How can you find your way of expressing a response to this Easter story?

 

empty tomb

The Two Trees

The Rev’d. Dr. Joanna Collicutt reflects on the stark visual juxtaposition of Christ crucified next to the hanging Judas, depicted in the Fifth Century Maskell Ivory. 

 

 

On 7th February I was part of a panel invited to reflect on an image from the Imagining the Divine exhibition currently taking place at the Ashmolean Museum in Oxford. The exhibition contains artefacts from what it refers to as the ‘Five great world religions plus paganism’ (a contentious notion in itself, but not the subject of this blog piece).

 

Maskell Ivory

The Maskell Ivory (c.420-30 CE), probably originating in Rome.

Ivory, Height 7.5 cm, British Museum.

 

I chose this tiny and exquisitely carved panel that was originally part of a box whose sides depict incidents from the life of Christ. This has a claim to be the earliest surviving depiction of the crucifixion and is therefore hugely significant in the history of Christian art. In fact there are very few surviving depictions of the crucifixion from the first millennium at all, and we should ask ourselves why this is. For an intriguing account take a look at Rita Nakashima Brock, and Rebecca Ann Parker’s 2008 book, Saving Paradise: How Christianity Traded Love of This World for Crucifixion and Empire.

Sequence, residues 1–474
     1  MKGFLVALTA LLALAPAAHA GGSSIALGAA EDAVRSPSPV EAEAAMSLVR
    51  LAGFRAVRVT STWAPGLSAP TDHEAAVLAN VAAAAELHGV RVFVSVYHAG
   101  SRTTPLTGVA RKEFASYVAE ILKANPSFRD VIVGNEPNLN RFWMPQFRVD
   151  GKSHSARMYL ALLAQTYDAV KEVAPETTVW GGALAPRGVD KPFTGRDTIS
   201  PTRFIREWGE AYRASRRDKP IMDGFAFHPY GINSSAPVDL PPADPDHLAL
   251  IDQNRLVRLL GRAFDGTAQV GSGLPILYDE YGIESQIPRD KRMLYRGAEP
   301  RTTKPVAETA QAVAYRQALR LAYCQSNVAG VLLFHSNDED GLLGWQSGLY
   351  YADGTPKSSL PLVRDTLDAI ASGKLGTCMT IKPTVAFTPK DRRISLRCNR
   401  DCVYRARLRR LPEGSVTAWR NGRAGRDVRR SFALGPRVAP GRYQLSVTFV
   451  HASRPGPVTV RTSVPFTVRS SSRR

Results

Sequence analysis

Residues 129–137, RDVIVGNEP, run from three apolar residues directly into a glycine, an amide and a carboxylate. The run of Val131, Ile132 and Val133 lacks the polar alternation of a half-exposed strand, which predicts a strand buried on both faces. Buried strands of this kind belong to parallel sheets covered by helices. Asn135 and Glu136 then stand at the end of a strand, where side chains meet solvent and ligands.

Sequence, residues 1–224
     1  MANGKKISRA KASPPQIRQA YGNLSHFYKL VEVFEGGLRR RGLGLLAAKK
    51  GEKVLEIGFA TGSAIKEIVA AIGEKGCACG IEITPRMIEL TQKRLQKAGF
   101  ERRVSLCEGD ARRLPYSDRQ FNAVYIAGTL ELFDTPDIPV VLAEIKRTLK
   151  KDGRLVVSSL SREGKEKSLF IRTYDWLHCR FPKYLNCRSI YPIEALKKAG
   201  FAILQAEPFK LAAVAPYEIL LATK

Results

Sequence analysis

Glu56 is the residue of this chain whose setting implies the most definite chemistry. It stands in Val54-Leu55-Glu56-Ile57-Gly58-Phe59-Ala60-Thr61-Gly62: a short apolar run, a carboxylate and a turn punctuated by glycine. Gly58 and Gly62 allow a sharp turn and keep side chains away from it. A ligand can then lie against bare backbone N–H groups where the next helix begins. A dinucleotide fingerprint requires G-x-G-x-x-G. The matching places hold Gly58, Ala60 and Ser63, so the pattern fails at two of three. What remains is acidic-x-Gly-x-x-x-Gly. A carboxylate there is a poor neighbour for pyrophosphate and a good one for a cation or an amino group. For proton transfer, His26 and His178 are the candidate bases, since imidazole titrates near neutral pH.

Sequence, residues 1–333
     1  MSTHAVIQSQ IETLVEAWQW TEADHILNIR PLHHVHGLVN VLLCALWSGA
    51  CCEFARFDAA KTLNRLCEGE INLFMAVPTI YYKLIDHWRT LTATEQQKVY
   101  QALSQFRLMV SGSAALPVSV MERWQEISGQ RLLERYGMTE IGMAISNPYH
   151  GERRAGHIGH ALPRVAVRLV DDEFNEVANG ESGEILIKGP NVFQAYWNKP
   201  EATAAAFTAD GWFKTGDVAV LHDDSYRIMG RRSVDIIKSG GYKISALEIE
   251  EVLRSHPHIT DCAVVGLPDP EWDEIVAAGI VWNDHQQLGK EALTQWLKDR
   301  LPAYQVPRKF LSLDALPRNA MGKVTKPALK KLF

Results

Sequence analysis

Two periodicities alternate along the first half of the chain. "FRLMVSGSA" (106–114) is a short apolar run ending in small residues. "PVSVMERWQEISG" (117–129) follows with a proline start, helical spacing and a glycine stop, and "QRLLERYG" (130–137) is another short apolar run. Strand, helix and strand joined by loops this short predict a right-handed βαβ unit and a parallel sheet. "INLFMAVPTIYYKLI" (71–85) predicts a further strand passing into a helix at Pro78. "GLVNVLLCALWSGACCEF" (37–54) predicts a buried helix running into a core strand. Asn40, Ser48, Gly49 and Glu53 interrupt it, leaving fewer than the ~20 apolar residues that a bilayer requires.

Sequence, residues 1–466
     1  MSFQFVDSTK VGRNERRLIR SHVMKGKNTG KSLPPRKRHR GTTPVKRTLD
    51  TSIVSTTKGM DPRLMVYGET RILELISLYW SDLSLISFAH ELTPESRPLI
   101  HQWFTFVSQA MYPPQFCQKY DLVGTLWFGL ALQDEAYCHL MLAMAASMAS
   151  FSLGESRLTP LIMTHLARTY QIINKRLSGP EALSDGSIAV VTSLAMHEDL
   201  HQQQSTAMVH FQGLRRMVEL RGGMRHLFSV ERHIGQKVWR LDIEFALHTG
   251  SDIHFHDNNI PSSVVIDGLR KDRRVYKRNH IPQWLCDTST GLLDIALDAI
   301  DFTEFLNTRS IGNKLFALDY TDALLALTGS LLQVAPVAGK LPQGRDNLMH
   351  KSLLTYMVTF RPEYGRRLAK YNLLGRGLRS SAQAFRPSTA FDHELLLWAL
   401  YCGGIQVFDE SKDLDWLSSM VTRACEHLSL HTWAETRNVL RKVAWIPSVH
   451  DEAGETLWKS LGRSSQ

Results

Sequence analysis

Perhaps the first thing one notices is that this is not the crucified Christ with whom we are so familiar from mediaeval art – an agonised, contorted, dying or – more usually – already dead victim full of pathos. Instead we are faced with a victorious Christ, very much alive, even perhaps smiling, standing erect with eyes and arms wide open as if to welcome all comers, ready to fly off the cross.

 

There is lots here that is reminiscent of John’s account of the death of Christ; the emphasis on glory, the presence of the Mother of Jesus and the Beloved Disciple, and the Roman Soldier (known in later tradition as Longinus) who inserts a spear into Jesus’ side. Yet, like a Gospel harmony, we also find Judas’ suicide as told by Matthew, complete with the thirty silver pieces, and the completely charming detail of the birds of the air nesting in the branches of the tree from which he hangs, surely alluding to the story of the mustard seed from Mark and Matthew.